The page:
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Reconstruction of a Neolithic hut

Reconstruction of a Neolithic hut

These open-air settlements consisted of dwellings made of wood, mud and plant materials, thus making efficient use of the natural resources in the surrounding area.

Numerous examples throughout the European Neolithic period show us the different types of dwellings used by the first agricultural communities in Europe which were, therefore, the first communities to be sedentary.

In the majority of cases, the only remaining elements are the holes made in the ground to anchor the wooden pillars that supported a roof made from plant materials. Both circular and rectangular shaped pillars were used.Evidence of these types of constructions has been found at sites including La Draga (Banyoles), Illeta dels Banyets (El Campello) and, closer to home, Freiximeno (Morella).

In La Valltorta there are numerous open-air lithic sites (called planells in Valencian), which possibly indicate areas that were occupied during the Neolithic period and where it is likely there were dwellings of this type.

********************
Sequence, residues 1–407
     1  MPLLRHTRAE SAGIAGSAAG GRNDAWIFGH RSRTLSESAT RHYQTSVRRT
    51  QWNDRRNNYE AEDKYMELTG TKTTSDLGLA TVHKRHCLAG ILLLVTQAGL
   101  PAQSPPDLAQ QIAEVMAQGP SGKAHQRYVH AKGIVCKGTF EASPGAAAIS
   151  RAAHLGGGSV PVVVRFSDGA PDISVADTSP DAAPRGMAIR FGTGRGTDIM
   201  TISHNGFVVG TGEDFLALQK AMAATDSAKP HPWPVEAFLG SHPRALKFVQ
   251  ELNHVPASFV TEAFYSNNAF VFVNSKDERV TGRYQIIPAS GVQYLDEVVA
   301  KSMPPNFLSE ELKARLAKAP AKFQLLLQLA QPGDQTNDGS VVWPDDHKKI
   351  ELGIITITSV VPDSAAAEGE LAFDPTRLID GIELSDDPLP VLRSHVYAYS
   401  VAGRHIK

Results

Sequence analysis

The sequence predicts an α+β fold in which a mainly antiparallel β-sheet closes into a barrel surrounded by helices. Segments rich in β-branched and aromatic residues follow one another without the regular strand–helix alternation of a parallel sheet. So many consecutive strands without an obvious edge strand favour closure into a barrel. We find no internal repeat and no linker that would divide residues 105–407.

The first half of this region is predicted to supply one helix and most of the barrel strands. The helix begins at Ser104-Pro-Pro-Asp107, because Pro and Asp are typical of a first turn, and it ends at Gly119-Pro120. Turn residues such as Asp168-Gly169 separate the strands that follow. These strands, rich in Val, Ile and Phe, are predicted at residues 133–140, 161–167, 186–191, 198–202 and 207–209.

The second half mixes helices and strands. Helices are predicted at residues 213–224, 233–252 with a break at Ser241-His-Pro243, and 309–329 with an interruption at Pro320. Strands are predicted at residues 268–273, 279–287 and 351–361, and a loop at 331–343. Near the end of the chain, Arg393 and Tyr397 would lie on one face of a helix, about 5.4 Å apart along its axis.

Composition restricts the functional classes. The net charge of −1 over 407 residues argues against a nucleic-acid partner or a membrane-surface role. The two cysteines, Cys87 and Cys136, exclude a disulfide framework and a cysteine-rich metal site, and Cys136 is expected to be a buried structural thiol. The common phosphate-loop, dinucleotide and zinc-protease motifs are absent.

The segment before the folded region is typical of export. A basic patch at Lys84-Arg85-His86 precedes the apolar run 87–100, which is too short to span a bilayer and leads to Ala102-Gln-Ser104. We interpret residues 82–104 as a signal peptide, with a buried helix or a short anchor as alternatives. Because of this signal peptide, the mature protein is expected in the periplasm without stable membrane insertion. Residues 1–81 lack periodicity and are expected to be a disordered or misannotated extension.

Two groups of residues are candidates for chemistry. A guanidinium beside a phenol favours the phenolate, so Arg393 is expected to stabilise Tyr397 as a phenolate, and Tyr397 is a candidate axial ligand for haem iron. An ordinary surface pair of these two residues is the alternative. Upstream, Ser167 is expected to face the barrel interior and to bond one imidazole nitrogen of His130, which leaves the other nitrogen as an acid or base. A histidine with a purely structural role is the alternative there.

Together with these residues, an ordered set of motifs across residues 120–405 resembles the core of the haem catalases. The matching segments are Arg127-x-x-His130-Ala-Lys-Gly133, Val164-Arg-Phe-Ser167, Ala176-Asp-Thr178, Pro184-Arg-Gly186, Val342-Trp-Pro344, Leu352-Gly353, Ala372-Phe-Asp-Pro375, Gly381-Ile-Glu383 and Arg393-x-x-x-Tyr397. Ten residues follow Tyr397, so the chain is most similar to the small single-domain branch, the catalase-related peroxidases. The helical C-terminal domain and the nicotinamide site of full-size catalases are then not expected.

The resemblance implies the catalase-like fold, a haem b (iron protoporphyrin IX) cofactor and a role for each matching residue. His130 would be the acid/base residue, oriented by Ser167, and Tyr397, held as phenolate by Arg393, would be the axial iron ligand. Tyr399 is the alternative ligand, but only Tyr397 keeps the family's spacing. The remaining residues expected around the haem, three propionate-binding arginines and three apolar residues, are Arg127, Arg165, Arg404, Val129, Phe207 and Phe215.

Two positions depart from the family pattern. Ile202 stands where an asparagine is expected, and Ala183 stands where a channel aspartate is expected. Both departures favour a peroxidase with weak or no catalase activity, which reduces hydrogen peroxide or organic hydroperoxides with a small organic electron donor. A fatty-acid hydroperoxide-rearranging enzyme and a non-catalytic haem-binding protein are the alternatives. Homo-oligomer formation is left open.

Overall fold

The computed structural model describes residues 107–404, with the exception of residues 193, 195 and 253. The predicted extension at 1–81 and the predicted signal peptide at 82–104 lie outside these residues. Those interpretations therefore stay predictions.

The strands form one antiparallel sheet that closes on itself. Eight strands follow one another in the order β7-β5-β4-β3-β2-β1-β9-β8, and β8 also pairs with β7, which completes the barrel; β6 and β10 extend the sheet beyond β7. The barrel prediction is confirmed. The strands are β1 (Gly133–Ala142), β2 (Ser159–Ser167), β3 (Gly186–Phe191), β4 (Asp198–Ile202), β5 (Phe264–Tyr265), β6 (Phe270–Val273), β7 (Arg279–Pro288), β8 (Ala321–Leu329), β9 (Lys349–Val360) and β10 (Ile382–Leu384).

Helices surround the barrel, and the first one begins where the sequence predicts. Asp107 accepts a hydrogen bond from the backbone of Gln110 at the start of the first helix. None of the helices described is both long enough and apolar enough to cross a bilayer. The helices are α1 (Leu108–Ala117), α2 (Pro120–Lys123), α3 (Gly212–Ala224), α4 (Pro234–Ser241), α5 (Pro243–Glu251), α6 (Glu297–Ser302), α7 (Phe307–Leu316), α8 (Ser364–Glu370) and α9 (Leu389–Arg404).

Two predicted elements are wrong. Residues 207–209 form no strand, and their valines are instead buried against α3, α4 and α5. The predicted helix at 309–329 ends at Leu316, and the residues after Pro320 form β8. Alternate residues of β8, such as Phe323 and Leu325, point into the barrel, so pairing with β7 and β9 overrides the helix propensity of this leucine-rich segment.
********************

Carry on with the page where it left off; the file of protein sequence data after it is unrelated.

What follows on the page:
Another way of understanding this type of housing is through ethnography. In the farmhouses found in the inland counties of Castellón, juniper wood has always been used for the parts of buildings that were to be the most exposed to the harshest weather conditions. And that is why this wood was used for the main construction elements in these Neolithic huts.

Many peoples and cultures in different parts of the world still live and interact with their environment in a similar way, using nature's resources efficiently and sustainably, and their example serves to give us an insight into ways of life that are different from our own, but from which we have a lot to learn.

Hut interior.

Malocas, communal houses of uncontacted indigenous peoples living in the Peruvian Amazon. There are more than a hundred uncontacted tribes in the world. Photo courtesy of Survival International. To learn more, scan the QR codes.